• It is only in the full knowledge of how fragile and fleeting it is that we are able to know and experience true joy.
  • Being present to one another is the greatest gift we can give.
  • Suffering builds character, humility and understanding.
  • Fundamentalism in all forms is reckless, ill-informed and inhumane.
  • Humankind is capable of unimaginable, senseless cruelty.
  • Humankind is capable of extraordinary kindness and selflessness.
  • It is through acts of selflessness that our perception of self is created.
  • A curious mind is essential to the societal growth.

# The universe

  • Reason is an act of faith. To assume that what we think is correct requires a faith in that which we believe to be true.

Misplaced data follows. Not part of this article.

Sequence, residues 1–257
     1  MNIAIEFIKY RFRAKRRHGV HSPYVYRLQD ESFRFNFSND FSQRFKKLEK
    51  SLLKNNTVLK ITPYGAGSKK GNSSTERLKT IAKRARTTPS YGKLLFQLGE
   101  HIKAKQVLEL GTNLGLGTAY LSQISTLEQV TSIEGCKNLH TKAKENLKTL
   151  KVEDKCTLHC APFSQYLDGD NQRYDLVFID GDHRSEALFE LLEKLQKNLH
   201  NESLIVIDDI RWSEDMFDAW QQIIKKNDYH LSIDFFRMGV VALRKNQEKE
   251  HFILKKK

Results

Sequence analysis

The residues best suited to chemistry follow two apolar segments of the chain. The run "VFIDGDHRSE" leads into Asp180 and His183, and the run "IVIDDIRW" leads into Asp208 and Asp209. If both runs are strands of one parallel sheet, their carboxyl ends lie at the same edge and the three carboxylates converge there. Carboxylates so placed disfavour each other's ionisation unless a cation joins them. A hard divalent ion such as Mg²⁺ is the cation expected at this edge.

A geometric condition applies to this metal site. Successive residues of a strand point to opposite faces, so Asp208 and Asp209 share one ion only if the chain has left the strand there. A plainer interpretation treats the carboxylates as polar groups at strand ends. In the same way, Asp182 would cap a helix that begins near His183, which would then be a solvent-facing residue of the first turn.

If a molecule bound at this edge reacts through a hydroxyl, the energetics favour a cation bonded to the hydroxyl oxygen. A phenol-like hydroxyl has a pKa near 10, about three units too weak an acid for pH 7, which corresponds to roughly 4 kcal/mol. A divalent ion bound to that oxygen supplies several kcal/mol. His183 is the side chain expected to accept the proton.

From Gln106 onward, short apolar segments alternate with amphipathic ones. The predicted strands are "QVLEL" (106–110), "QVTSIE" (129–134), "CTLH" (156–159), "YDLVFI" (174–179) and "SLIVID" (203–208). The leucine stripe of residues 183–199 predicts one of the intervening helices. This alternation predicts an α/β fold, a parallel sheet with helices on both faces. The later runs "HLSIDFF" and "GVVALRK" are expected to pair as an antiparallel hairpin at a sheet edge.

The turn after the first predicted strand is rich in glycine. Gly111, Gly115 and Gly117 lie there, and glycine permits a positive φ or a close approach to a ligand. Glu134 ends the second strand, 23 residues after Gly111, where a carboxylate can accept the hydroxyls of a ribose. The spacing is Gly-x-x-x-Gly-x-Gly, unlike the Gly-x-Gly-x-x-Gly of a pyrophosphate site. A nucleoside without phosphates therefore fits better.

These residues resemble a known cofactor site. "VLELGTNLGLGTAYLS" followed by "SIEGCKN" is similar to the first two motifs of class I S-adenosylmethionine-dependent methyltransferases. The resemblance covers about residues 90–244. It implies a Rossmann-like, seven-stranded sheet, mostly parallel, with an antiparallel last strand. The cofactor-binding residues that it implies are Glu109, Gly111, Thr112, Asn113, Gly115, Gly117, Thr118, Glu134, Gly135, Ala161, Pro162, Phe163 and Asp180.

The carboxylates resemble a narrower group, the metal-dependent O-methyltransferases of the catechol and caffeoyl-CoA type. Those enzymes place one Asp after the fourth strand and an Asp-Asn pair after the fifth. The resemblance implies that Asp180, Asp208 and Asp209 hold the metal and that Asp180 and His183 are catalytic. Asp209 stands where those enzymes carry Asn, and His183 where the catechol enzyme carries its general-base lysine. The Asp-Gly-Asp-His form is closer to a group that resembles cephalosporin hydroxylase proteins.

• As we learn more about ontology and the physics of the universe, we gain a greater insight into God.
  • Evidence-based faith is just as important as evidence-based science.

16 Responses to Still small voice

  1. DAVID COLES shares his personal journey to waking up on Earth says:

    Well at least you get comments from people. I am not so fortunate. Poor little me. I am making the big mistake of actually exposing the whole human debacle and even offering a pathway to turn shit into gold….and still no interest. lol

    When I have time I will come back and read your stuff more thoroughly as you are obviously one smart cookie!

    • Lyn Campbell says:

      Poor David! You seem like an articulate and insightful chap (you must be if you think I’m smart, right? tee hee hee). It’s taken me a long time to build up a readership-base. Keep writing. The readers and comments will come.